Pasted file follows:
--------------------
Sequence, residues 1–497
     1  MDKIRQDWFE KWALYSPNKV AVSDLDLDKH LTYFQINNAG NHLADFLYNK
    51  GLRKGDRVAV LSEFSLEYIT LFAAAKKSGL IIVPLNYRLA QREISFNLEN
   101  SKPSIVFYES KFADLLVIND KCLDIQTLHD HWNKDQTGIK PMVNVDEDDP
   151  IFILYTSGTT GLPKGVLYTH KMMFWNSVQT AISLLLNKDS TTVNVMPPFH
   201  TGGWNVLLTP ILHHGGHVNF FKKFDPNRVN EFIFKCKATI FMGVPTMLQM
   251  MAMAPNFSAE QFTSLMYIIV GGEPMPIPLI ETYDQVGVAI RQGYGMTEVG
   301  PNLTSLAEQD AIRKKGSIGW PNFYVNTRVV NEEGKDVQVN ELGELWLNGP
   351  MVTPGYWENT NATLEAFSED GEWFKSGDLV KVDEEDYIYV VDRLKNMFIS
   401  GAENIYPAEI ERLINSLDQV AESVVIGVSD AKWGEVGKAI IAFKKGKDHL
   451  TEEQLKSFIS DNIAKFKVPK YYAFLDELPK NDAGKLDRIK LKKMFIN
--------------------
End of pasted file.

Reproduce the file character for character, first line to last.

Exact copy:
Sequence, residues 1–497
     1  MDKIRQDWFE KWALYSPNKV AVSDLDLDKH LTYFQINNAG NHLADFLYNK
    51  GLRKGDRVAV LSEFSLEYIT LFAAAKKSGL IIVPLNYRLA QREISFNLEN
   101  SKPSIVFYES KFADLLVIND KCLDIQTLHD HWNKDQTGIK PMVNVDEDDP
   151  IFILYTSGTT GLPKGVLYTH KMMFWNSVQT AISLLLNKDS TTVNVMPPFH
   201  TGGWNVLLTP ILHHGGHVNF FKKFDPNRVN EFIFKCKATI FMGVPTMLQM
   251  MAMAPNFSAE QFTSLMYIIV GGEPMPIPLI ETYDQVGVAI RQGYGMTEVG
   301  PNLTSLAEQD AIRKKGSIGW PNFYVNTRVV NEEGKDVQVN ELGELWLNGP
   351  MVTPGYWENT NATLEAFSED GEWFKSGDLV KVDEEDYIYV VDRLKNMFIS
   401  GAENIYPAEI ERLINSLDQV AESVVIGVSD AKWGEVGKAI IAFKKGKDHL
   451  TEEQLKSFIS DNIAKFKVPK YYAFLDELPK NDAGKLDRIK LKKMFIN